Before President Obama even took office, one of his main promises involved remaking health care in America, giving those without medical insurance the ability to get it at affordable rates, and creating a program that would ensure coverage across the nation.
After a bruising and contentious fight that invigorated supporters of the overhaul and enraged detractors, Congress finally passed a measure in March. Before it did, though, the health care drama turned into one of the most divisive political issues of the modern era. The lengthy bill was hailed as a victory for those without insurance and as government intrusion by opponents.
But is the matter settled? A number of Republicans and especially tea party adherents, energized by their success on the campaign trail in 2010, have said that overturning the bill (or at least part of it) is high on their agenda. If they don’t get the legislation — expected to cost around $900 billion over 10 years — erased or significantly watered down, you can expect the issue to make another appearance in the run-up to the 2012 elections.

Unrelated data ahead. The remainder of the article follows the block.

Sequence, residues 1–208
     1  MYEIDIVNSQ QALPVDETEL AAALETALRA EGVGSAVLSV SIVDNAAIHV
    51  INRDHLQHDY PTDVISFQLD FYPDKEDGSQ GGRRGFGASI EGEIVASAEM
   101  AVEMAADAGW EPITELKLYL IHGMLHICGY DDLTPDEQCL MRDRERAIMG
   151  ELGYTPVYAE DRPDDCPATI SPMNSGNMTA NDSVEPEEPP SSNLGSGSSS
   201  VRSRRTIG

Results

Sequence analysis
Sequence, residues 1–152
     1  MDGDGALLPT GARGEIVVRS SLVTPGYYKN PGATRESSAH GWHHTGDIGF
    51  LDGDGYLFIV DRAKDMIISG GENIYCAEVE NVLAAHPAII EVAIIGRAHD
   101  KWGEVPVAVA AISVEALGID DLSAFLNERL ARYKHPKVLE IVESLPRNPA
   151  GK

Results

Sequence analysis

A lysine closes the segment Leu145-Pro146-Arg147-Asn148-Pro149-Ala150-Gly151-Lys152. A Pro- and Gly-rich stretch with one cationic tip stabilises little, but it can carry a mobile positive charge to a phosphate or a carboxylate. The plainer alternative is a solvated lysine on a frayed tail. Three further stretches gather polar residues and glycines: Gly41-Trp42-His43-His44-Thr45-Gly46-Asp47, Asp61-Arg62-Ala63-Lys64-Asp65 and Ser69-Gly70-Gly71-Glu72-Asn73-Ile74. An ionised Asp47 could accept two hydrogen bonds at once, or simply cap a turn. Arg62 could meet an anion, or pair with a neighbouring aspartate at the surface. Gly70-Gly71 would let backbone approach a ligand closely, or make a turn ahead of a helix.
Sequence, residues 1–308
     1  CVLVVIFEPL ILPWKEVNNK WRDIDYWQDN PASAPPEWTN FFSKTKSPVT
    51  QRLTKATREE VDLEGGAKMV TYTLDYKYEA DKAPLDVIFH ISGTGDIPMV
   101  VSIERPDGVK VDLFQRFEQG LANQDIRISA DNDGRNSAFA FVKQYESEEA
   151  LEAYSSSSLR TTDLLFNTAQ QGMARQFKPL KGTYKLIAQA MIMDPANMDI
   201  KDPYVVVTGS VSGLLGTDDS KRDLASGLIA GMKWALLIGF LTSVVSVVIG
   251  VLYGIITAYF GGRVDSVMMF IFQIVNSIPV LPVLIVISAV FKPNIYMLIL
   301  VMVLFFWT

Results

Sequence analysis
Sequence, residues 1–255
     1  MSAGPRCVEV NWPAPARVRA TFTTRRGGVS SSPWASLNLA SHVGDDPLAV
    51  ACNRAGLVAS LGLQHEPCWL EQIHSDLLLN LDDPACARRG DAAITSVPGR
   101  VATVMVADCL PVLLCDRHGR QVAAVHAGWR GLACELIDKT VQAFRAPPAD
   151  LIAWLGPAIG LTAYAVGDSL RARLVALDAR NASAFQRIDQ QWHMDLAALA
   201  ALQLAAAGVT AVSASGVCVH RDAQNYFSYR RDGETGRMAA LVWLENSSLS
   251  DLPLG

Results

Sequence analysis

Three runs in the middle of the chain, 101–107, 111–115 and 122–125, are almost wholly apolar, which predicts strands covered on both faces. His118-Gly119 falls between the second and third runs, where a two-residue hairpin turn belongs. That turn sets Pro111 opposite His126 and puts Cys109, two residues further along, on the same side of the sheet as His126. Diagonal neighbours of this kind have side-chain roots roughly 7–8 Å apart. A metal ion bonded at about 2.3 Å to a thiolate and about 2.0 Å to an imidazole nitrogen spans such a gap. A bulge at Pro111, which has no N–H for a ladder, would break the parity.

The GOP might not have swayed families unable to pay medical bills with its arguments about the law chipping away at American freedoms. But it found plenty of friends in the business world, as companies large and small feared that the costs of complying with the health care rules would be overwhelming.
Will companies be able to afford coverage for their workers or be run out of business? Will profits evaporate? What will the bill mean for large health insurers such as Aetna and Cigna, or hospital owners such as Tenet? We may not know for years — or ever, if the health law in its current form gets torn up.
Still, not everyone is guaranteed coverage, and some companies have received a government waiver on coverage minimums. President Obama isn’t going to just walk away, though; he says that the law was “the right thing to do.” However, he has now indicated he would be willing to consider certain changes.
What’s assured is that the debate will begin anew, now that the Republicans have taken control of the House of Representatives and have narrowed their deficit in the Senate. If the first round were an indication of the next, Congress should prepare for fireworks.